General T&I news mid Jan...

General T&I news mid Jan…

The big project in the workshop at the moment is the rebuild of the decks of the gallopers, to be followed by the rounding boards.  This certainly dominates the space, but lots of other work is progressing too…

Below: Built by Savages and, somebody unkindly observed, torn apart by savages!!!  Not so as Tony, Shaun and the team have lavished their skills and patience on the production line of work for the decks, seen in this sequence of photographs shows.  Some of the panels have now been completed, and so the whole process is seen here, from stripping the old panels to the assembly of the new.  They remain to be painted.

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Below: Also related to the Fairground, Chris is well into his stride manufacturing a new, steel, top rail for the swing boats.  The original hangers are reusable and are being both bolted and welded in situ, to provide strength but retain an authentic appearance (when viewed from above, so probably only by the odd seagull!).


Below: Outside 280 has settled into regular operation, seen here before the numbers were added (painted on Friday).

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Below: Darren and Mark are currently levelling the ground outside the new Colliery Stables in order to lay a two foot gauge siding here. This will eventually serve a hay store and manure heap and give the pit ponies somewhere to pull tubs about on.  It is unlikely to be locomotive worked, though might see Samson as a guest engine one day!


Below: Puffing Billy is receiving attention to its leading tender axle.  The lubrication hole in the frames has ‘healed’ and so reduced the lubrication, resulting in a worn bearing and scored journals, all of which will require attention by a contractor (as we cannot fit these wheels on our lathes).


Below: R025 has had some commercial attention lavished upon its clutch, with the flywheel and drive plates being re-lined and the clutch plate itself replaced with a new disc in spring steel.  The drive plate (upper) and flywheel (lower) linings are seen here. Modern clutches have the friction material on the clutch plate (itself sometimes made of two plates, with springs inserted around the centre aperture to dampen gear changes – no such luxury on a 1920s crash gearbox where engine and transmission/road speed have to be matched by de-clutching).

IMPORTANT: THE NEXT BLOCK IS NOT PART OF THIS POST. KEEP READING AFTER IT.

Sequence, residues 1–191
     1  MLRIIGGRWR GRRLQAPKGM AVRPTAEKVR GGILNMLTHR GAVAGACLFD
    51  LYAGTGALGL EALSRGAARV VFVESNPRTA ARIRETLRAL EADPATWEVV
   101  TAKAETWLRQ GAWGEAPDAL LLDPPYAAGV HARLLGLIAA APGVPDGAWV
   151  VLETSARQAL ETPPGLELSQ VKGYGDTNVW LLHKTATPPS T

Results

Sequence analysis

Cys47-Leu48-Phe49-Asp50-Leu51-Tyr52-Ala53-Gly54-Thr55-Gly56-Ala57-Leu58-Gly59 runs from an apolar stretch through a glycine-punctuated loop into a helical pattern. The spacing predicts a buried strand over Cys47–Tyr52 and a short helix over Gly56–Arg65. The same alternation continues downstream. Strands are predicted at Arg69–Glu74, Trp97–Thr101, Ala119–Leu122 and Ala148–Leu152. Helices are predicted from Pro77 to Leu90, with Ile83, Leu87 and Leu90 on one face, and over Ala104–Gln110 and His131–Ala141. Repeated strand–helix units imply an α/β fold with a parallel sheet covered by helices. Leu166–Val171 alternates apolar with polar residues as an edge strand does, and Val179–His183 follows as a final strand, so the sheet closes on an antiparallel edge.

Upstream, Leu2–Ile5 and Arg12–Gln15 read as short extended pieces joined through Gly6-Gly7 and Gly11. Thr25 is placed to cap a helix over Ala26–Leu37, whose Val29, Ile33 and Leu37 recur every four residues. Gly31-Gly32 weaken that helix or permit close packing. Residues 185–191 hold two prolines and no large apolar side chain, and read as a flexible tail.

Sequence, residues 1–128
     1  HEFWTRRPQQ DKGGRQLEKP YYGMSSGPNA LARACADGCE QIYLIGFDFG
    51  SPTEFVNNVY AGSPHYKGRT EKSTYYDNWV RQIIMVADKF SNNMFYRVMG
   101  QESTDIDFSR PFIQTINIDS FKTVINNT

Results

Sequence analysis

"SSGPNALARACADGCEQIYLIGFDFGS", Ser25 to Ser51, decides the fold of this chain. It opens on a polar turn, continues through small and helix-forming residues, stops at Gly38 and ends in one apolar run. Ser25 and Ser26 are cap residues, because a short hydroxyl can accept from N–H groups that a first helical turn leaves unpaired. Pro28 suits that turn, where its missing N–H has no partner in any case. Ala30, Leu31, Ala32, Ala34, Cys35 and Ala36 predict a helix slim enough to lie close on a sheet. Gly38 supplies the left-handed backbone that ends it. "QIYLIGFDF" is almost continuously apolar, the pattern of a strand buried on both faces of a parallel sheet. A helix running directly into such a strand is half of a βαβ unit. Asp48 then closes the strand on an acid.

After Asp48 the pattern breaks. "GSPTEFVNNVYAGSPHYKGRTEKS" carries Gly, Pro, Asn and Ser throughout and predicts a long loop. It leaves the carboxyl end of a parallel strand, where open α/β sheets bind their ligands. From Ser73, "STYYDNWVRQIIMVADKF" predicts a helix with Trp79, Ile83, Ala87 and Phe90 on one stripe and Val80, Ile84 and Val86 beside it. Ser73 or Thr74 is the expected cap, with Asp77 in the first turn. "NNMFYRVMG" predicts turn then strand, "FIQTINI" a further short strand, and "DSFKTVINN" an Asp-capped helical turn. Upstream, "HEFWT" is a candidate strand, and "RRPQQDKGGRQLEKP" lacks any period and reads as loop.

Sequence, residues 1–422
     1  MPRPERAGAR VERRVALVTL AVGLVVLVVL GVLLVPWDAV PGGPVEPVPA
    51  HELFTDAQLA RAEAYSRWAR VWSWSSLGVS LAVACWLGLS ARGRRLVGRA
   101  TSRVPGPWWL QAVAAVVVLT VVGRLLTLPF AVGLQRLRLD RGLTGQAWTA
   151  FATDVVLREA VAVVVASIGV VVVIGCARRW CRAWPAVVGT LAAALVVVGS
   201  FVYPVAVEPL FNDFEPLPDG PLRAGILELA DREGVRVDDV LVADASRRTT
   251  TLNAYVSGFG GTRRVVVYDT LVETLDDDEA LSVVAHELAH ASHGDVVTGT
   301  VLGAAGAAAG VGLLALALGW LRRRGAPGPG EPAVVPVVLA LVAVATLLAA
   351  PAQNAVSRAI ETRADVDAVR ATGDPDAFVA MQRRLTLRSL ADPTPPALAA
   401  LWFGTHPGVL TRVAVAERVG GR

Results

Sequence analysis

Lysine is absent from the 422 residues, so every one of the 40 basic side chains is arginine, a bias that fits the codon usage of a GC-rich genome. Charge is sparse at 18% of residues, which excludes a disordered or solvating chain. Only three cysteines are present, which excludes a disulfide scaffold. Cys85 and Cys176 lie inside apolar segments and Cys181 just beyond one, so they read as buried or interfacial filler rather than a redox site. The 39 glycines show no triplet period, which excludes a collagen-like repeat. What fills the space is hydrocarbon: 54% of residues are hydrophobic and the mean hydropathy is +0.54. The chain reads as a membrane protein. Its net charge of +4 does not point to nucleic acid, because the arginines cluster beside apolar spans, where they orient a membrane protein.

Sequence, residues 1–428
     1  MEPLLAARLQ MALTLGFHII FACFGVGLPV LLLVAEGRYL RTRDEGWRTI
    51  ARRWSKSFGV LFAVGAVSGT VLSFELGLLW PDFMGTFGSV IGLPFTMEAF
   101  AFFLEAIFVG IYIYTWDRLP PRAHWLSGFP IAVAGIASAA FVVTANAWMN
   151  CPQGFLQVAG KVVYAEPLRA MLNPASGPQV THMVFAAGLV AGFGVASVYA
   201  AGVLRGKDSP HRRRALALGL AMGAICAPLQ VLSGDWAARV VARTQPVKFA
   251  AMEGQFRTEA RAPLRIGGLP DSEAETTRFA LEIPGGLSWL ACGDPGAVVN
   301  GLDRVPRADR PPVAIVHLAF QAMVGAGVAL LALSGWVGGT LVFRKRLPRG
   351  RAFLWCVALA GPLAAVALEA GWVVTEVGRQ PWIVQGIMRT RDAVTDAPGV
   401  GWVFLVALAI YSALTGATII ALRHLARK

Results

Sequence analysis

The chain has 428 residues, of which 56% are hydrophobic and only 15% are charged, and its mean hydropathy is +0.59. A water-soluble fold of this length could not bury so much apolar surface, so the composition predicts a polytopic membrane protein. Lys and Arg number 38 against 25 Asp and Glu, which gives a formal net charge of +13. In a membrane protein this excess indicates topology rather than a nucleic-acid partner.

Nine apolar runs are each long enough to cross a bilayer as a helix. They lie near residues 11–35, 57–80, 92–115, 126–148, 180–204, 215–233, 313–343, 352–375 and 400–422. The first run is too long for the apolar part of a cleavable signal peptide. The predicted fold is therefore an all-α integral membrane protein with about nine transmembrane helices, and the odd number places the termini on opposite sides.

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Below: A comparison of old and new clutch plates.  The original is quite badly scored and the segments have distorted in places.  There is also evidence of overheating of the plate, all of which suggested a replacement would be prudent. This was supplied, in spring steel, within a week, along with the relined components.


Below: The team has also removed the crankshaft for overhaul, revealing the crankshaft bearings in the process.  The oil pump has also been removed – in an earlier post we looked at the single cycle of oil through the engine, being a total loss system, though of course any drained oil from the dry sump could be filtered (or not!) and poured back into the oil pump.


Below: A closer view into the crank chamber showing the cylinders and also the camshaft (lower).


Below: Back in the machine shop where David is working on the cylinder block – the safety valve casting now being secured on top and the valve chest also ready to assemble.  The cylinder liner is on the lathe, the last big component to machine in this particular collection of pieces.

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Below: Here is a sneak peak at Sunderland 16’s new Binns adverts, seen being applied by signwriter Phil Anderson – no vinyls or transfers here!  Revised side adverts are also being applied, along with touching up of lining, numbers and a full re-varnish.  The tram was not fully varnished previously and had adopted something of a dull matt crimson hue.  The areas treated so far are bright and vibrant so 16 should look fantastic when the refurbishment is completed.

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Finally, on the subject of Sunderland trams, do have a look at the link below, filmed on the system in 1904 and taken from the BFI archive – it is absolutely fascinating.  Lots of tramcar interest, plus a tower wagon (horse drawn) evident.  Spot the motor car too – a real rarity at that time.

You can link through this site to other tram rides around various towns and cities in the UK.  Really amazing stuff!